Again the Temple Mount

 After years of demands from archaeologists and others concerned with the Temple Mount, the Prime Minister has instructed officials to begin judicial proceedings against Muslim religious authorities for destructive activities.
Currently the activity concerns the construction of toilets and showers for Muslims who come to pray. Over the years there have been massive excavations under the surface to expand existing areas (Solomon's stables) and to turn them into prayer halls for occasions when tens of thousands cannot find room to pray in al Aqsa or on the extensive plaza that covers most of the mountain.
Along the way to these activities, Muslim builders have shown wanton disregard for Judaic relics of Temples that their religious authorities insist never existed. They dumped tons of refuse from their excavations that Israeli researchers have sifted for whatever they could find.
By all signs, senior Israeli government officials have let the destruction continue, rather than ignite the explosive tinder represented by Muslim vs Jewish competition for the sacred place.
How many deaths--Jewish as well as Muslim--are worth the ability of archaeologists to find material to substantiate what all literate and reasonable people can perceive in the Hebrew Bible and non-Judaic sources that describe the Temple that existed a millennium before the birth of Mohammad?
Why now, has the Prime Minister decided to move?
This question leaves unanswered what we cannot now know, i.e., how assiduous will he be, against what are likely to be reservations from the Shit Bet, Police, and other security forces who worry about provoking large scale violence, and the general practice of Israeli prosecutors and courts to dither, sometime for years, when a hot potato lands on their table?
One speculation begins with the Hebrew for the Temple Mount, i.e., הר הבית. The tradition is to use the word for house, i.e., בית, for the Temple.
This allows Israeli wags in the present generation to wonder if the Prime Minister is trying to attract attention to one house in order to distract attention from another house. In short, getting the media to focus on the Temple Mount may relieve pressure at home due to the media's preoccupation with Sara.
Another possibility is that this is the Prime Minister's way of distracting world attention away from a peace process, whether it is the one engineered by the French President or the one engineered by the Egyptian President.
Both the Prime Minister and his new Defense Minister made headlines by affirming their commitment to a "two-state solution," but if the Muslims begin to riot in order to maintain a monopoly of what they call the Noble Sanctuary, or Haram Esh-Sharif, Bibi will have yet another reason to put aside what he  perceives as hopeless negotiations with Palestinians.
There are several political balls currently in the air. 
The Prime Minister is cooperating with the Russians in Syria, perhaps to help a stabilizing Assad against radical Islamists, despite the offense that this cooperation might cause to the Obama government, as well as anti-Assad Muslim regimes (Saudi Arabia and Turkey) with which Israel seeks accommodation.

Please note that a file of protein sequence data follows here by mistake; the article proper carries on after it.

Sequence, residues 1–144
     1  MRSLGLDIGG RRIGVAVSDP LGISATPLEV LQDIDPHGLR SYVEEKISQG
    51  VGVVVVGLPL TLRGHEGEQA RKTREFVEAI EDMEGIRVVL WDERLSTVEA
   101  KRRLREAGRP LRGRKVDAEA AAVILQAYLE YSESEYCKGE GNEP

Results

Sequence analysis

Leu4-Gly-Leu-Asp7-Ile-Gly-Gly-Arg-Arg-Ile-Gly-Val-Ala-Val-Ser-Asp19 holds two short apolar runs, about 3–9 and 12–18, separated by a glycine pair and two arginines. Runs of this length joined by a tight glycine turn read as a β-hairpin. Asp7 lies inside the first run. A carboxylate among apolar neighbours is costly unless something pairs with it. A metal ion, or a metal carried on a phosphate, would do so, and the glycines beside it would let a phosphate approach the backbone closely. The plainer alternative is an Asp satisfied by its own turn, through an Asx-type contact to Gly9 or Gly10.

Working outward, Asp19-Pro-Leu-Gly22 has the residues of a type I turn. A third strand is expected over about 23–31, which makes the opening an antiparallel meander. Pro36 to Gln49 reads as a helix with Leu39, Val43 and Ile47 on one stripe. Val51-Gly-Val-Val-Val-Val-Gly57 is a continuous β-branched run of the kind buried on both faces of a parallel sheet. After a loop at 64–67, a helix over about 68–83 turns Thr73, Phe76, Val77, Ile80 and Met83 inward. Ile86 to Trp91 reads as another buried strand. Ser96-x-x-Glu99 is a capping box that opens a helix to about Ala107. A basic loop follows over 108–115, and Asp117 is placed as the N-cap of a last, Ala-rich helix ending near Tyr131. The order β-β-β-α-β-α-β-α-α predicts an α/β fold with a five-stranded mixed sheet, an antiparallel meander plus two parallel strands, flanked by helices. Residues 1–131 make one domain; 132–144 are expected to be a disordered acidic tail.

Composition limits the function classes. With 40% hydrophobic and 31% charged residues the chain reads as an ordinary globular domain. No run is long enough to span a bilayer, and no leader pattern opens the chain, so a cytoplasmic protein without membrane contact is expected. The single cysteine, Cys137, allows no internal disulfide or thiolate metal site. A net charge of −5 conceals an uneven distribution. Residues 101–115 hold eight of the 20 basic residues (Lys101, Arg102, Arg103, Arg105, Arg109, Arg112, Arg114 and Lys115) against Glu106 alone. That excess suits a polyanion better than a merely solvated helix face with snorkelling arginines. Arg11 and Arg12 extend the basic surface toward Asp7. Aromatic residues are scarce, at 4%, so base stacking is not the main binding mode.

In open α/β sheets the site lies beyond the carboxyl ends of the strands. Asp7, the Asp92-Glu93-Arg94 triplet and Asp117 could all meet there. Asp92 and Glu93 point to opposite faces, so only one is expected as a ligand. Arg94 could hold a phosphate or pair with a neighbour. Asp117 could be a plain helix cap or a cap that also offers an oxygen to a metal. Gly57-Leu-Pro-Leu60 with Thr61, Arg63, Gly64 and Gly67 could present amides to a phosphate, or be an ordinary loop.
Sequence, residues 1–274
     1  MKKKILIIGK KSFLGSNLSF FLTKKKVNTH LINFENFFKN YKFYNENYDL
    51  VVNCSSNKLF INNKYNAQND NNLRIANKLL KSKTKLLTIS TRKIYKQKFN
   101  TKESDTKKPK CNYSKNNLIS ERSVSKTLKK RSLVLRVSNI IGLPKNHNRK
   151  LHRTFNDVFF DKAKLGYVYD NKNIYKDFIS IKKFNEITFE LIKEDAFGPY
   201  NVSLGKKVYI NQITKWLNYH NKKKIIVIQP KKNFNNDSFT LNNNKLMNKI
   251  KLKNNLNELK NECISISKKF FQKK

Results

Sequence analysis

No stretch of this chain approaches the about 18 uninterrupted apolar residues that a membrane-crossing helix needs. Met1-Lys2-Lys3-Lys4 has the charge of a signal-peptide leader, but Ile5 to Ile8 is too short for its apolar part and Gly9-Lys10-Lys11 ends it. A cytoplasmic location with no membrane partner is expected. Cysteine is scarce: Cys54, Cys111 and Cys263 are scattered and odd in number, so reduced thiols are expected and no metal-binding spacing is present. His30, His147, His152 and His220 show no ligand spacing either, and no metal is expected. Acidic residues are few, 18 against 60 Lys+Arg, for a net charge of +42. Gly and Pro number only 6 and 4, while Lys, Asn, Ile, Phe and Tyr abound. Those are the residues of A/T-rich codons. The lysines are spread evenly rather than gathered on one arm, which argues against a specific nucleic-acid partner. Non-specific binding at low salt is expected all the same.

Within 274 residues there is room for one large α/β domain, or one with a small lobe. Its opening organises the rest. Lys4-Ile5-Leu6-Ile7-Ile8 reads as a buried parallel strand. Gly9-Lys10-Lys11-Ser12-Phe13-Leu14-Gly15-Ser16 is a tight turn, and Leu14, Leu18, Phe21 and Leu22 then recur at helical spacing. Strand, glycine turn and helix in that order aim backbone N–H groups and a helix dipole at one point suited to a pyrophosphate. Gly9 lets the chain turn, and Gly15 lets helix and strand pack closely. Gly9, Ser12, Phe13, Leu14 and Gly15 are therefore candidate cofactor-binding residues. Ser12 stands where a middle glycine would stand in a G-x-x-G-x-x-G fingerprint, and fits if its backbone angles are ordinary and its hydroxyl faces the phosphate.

Israeli peace activists are seeing some reason for optimism in statements of the Prime Minister and Defense Minister about the two-state solution and the possibility of working with Egyptian President al-Sisi and other Arab regimes along with the Palestinians.
Cynics see this as Netanyahu's way of countering France, the US, and other western governments who are cooking their own scheme for Israel and the Palestinians.
Yet another ball in the air is the demand of non-Orthodox Jews, especially Americans, for developing a portion of the Western Wall for the own rituals, involving men and women praying together.
A delegation of Reform and Conservative American Rabbis has threatened the Prime Minister with a deterioration in relations between Israel and American Jews if he does not move forward with the plan ostensibly agreed.
Against this, however, are pressures from Orthodox and ultra-Orthodox Jews, who view their Reform and Conservative competitors as followers of "another religion," and Muslim religious authorities. The latter see any Israeli construction within sight of al Aqsa as threatening their own holy site, and have threatened local and international commotions if any construction begins.
Some are convinced that the Prime Minister is interested in nothing more that keeping his government in office. To do this, he may be making a gesture about the Temple Mount to satisfy the Orthodox settlers and Temple Mount activists who cluster around Jewish Home and his own Likud, even though he may thereby be worrying or amusing his allies in Torah Judaism (ultra-Orthodox Ashkenazi) and SHAS (ultra-Orthodox Sephardi), who insist on waiting for the Messiah to recreate the Temple, and meanwhile urge Jews to avoid the Temple Mount. 
The Prime Minister's ultra-Orthodox allies are at least as assiduous as his Orthodox allies in opposing any concessions to non-Orthodox Judaisms alongside the Western Wall.
Bibi may be provoking action focused on the Temple Mount as a way of providing him time to deal with his various Jewish constituencies, in Israel and abroad, who view one another with considerable animosity.
There is reason for black humor as well as deep depression in all that can be said about the Temple Mount, and its role in Jewish, Muslim, and world politics. 
What may be happening is nothing more dramatic than a politician trying to distract attention on a problematic spouse, and hoping that others will respond in ways other than intense rioting that--in a worse case scenario--can escalate to a regional war.
Comments welcome
Ira Sharkansky (Emeritus)
Department of Political Science
Hebrew University of Jerusalem